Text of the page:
In his second reversal on energy policy in four days, Barack Obama on Monday called for tapping the nation’s emergency oil reserves as Republicans passed out tire gauges to mock Obama’s energy plan.
Obama also released his first unprovoked negative TV ad, accusing John McCain of being “in the pocket of big oil” and linking him to President Bush.
In a speech at Michigan State University, Obama said the United States “should sell 70 million barrels of oil from our Strategic Petroleum Reserve for less expensive crude, which in the past has lowered gas prices within two weeks.”
Less than a month ago, Obama opposed tapping the reserve.
“I do not believe that we should use the strategic oil reserves at this point,” he said in St. Louis. “The strategic oil reserve, I think, has to be reserved for a genuine emergency.
“You have a situation, let’s say, where there was a major oil facility in Saudi Arabia that was destroyed as a consequence of terrorist acts, and you suddenly had huge amounts of oil taken out of the world market, we wouldn’t just be seeing $4-a-gallon oil,” he added. “We could see a situation where entire sectors of the country had no oil to function at all. And that’s what the strategic oil reserve has to be for.”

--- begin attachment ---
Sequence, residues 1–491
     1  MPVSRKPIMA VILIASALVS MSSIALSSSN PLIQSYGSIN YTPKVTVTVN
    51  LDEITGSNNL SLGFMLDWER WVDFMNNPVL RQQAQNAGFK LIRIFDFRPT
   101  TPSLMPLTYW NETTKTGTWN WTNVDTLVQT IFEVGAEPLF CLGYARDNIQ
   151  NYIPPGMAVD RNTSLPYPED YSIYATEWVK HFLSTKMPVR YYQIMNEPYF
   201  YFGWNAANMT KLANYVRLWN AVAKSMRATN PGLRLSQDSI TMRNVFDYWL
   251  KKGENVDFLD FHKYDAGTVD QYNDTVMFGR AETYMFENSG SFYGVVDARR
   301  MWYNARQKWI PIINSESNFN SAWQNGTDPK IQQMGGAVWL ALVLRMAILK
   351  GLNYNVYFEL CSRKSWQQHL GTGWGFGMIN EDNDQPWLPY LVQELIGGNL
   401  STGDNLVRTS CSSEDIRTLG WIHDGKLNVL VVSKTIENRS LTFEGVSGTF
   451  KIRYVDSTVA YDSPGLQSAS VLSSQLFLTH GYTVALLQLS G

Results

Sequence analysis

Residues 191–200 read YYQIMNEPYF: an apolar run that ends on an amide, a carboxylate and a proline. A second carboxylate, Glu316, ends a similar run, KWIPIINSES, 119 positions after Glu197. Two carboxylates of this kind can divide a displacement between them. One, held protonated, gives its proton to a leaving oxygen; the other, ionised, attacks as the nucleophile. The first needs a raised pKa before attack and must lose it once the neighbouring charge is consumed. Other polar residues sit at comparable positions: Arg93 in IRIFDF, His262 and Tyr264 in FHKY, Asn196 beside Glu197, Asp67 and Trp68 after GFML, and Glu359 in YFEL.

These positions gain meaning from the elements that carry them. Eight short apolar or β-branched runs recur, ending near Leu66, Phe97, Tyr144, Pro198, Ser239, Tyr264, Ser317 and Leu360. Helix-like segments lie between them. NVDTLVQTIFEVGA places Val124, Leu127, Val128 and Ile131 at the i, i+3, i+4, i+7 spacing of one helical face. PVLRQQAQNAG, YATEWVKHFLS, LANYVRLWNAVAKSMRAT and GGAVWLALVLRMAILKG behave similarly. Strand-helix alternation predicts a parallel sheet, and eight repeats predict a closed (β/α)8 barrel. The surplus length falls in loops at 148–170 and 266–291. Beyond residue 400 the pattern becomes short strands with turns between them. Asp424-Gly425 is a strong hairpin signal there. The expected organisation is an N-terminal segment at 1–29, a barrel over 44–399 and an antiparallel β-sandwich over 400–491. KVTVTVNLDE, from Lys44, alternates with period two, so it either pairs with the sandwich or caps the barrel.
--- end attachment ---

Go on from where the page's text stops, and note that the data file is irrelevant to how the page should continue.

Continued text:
Obama’s change of heart on the oil reserve came three days after he softened his opposition to off-shore oil drilling. On Monday, he explained that such drilling is one of the “drawbacks” of a compromise energy package being floated on Capitol Hill.
“It includes a limited amount of new offshore drilling, and while I still don’t believe that’s a particularly meaningful short-term or long-term solution, I am willing to consider it if it’s necessary to actually pass a comprehensive plan,” he said. “I am not interested in making the perfect the enemy of the good — particularly since there is so much good in this compromise.”
In June, McCain also reversed course on off-shore drilling by dropping his long-standing opposition to the practice. He was accused of flip-flopping, although polls show most Americans now favor drilling as a way to offset high gasoline prices.
That put Obama on the defensive over energy policy for more than a month. He tried to regain the initiative Monday by releasing a TV ad hitting McCain for opposing a windfall profits tax on oil companies.
Meanwhile, McCain aides and other Republicans passed out tire gauges to mock Obama’s statement last week that “we could save all the oil that they’re talking about getting off drilling, if everybody was just inflating their tires and getting regular tune-ups.”